Public arrangements for social protection were conceived amid the
decline of feudalism and the rise of industrial society.
Prior to the 19th century many nations had assumed some public
responsibility for the welfare of their citizens. The British
Poor Law of 1601, for example, had codified efforts to establish
local government responsibility for the relief of pauperism.
But the birth of the modern welfare state is usually marked by the
advent of social insurance in Germany under Bismarck during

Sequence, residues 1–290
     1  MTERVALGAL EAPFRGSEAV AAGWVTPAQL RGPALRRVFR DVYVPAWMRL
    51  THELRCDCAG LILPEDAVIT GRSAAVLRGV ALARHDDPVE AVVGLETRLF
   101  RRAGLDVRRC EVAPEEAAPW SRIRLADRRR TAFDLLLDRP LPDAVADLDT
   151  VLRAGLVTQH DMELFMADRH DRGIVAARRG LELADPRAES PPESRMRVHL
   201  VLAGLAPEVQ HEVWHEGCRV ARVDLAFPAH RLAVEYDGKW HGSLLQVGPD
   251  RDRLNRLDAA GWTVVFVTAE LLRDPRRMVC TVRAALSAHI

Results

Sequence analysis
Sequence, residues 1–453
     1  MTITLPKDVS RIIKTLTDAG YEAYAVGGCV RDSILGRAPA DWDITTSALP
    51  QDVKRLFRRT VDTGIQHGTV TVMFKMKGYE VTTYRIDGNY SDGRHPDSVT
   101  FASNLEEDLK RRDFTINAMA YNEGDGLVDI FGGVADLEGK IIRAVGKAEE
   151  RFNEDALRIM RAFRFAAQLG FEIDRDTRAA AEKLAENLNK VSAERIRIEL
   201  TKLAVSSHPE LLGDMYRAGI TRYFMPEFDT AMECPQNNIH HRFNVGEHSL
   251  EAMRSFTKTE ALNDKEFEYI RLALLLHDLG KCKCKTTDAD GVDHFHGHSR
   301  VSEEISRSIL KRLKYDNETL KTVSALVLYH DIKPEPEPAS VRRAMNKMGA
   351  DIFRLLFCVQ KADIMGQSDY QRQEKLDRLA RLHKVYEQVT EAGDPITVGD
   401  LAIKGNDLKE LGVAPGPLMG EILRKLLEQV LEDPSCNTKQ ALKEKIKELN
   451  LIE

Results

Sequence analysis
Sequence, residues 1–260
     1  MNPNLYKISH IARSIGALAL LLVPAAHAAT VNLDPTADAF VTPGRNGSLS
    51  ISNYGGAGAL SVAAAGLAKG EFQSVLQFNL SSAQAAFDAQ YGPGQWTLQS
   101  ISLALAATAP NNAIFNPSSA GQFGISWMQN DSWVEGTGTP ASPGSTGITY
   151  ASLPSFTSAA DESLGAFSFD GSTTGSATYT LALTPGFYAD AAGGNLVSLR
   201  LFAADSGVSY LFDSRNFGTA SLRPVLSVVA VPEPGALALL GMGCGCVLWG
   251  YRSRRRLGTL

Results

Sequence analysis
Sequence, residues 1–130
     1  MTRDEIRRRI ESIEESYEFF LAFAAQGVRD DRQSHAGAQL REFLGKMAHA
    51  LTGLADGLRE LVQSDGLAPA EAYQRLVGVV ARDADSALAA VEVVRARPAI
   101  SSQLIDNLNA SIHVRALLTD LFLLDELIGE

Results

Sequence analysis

the 1880s. Most of Western Europe introduced social welfare
programs prior to World War I, and the United States enacted national
social insurance schemes during the Great Depression of the 1930s.
These programs grew and matured, and by the dawn of the
21st century government spending on social welfare in the advanced
industrialized nations averaged well over 20 percent of
their gross domestic product. The literature on modern welfare
states embodies a range of theoretical perspectives on the
functions served by these systems of social protection, their
conceptual boundaries, and the factors that have shaped their